Remember the old days, like before the recession, when talking about money was considered “gauche” and frowned upon at cocktail parties and sophisticated events? Well, now, thanks to so many people losing their jobs and the Real Housewives franchise being such a hit — not to mention Goldman doing that very bad thing they might have done — it’s totally cool to talk about how much cash is in your wallet. All the time. To anyone who will listen. (It’s $35, and I have no idea how it got there.)
In the wake of the Great Recession, people want to learn more and are more willing to talk about money with friends and family. And perhaps most important, they want to give kids the financial know-how they might have missed.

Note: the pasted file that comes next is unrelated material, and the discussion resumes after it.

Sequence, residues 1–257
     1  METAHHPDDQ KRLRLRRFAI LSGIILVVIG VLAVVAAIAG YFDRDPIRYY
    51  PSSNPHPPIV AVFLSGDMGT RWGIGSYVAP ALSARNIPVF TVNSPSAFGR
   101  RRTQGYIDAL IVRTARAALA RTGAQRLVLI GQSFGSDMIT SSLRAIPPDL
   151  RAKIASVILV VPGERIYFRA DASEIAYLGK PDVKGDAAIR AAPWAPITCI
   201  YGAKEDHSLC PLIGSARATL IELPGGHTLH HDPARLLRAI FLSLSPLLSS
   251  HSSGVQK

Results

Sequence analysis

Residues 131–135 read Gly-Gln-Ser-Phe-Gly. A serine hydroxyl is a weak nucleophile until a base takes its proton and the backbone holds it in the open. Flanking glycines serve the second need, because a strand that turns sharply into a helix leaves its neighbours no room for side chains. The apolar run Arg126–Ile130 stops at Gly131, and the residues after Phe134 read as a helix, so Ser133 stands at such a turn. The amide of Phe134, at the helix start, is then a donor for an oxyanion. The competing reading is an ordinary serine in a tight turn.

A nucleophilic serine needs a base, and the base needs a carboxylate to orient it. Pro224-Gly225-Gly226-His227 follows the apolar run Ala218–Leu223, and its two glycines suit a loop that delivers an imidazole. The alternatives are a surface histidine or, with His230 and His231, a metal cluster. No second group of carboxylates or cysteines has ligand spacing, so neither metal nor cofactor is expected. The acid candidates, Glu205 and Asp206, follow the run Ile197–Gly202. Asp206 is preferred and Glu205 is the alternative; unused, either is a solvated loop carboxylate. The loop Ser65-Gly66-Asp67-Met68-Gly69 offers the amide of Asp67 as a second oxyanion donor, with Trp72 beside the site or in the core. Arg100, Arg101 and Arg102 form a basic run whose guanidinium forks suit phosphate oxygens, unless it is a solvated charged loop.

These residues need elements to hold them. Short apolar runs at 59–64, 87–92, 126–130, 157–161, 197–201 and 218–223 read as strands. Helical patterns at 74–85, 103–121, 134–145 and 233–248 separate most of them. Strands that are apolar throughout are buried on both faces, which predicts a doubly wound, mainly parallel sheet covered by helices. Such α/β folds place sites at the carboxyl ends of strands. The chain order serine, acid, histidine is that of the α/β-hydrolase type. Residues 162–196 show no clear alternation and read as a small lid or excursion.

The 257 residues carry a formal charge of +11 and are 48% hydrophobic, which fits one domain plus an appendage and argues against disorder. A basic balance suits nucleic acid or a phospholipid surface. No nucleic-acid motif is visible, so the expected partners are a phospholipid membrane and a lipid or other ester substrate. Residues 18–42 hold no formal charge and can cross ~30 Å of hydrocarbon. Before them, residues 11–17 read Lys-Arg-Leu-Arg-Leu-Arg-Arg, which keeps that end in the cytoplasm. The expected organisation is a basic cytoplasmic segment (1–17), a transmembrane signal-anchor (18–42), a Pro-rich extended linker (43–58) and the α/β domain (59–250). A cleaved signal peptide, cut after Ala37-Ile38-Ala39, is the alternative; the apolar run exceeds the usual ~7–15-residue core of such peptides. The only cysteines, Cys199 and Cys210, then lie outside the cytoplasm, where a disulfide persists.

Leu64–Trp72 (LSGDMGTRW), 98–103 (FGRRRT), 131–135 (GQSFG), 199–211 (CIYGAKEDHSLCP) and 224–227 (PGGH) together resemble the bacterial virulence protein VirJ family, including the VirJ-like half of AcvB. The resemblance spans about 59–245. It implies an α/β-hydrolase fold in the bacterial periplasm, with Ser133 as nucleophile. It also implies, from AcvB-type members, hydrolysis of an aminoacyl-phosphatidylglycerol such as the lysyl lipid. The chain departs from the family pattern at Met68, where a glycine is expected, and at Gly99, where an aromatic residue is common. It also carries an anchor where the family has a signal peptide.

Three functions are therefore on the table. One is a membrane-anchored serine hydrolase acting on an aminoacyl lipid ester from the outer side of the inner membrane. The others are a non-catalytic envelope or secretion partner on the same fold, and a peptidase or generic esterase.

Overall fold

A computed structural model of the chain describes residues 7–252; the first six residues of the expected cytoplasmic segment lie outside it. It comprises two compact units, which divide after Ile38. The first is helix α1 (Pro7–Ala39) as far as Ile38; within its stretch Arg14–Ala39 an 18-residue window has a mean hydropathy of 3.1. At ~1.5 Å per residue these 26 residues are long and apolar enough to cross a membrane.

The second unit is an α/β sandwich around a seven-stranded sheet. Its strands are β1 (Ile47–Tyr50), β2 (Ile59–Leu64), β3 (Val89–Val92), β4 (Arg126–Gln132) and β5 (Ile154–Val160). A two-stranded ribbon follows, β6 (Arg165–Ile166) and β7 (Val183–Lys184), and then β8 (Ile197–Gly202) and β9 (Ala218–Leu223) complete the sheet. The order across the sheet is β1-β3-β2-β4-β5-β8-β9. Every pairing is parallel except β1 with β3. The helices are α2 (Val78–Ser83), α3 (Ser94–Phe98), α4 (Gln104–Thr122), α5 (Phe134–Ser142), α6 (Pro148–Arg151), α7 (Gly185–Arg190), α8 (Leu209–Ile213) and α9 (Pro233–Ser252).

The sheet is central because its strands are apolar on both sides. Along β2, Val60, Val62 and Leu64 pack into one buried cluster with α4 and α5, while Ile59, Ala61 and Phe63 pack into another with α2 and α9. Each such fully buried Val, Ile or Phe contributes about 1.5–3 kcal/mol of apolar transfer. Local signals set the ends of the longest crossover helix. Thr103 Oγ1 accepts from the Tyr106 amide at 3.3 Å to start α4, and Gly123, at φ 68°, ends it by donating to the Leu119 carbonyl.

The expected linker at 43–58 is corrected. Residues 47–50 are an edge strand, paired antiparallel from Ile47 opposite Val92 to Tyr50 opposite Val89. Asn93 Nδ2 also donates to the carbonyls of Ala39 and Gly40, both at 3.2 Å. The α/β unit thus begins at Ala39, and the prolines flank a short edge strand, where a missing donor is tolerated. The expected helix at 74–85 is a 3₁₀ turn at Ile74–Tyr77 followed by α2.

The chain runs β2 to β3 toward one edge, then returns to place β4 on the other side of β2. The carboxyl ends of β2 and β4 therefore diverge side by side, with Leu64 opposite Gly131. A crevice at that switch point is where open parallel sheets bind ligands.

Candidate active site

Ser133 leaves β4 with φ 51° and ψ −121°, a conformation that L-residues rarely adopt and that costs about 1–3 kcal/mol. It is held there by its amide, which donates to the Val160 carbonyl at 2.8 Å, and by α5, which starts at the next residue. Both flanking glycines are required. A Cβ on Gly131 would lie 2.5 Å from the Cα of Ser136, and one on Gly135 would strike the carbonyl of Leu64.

More than half of the people surveyed now lecture their kids about money pretty much incessantly, and three out of four regale their coworkers with talk of “money issues” while their coworkers try to actually get some work done. 39 percent say they’re talking “more freely” about finances with friends and family (friends and family refused to comment).
Goody for all of them, but we’d still rather talk about The Hills or Sandra Bullock’s secret baby or how you’re not really listening to us, are you? than your bank account when you’re buying us dinner. You can save the money talk for your accountant. Unless you’ve got a great stock tip or something.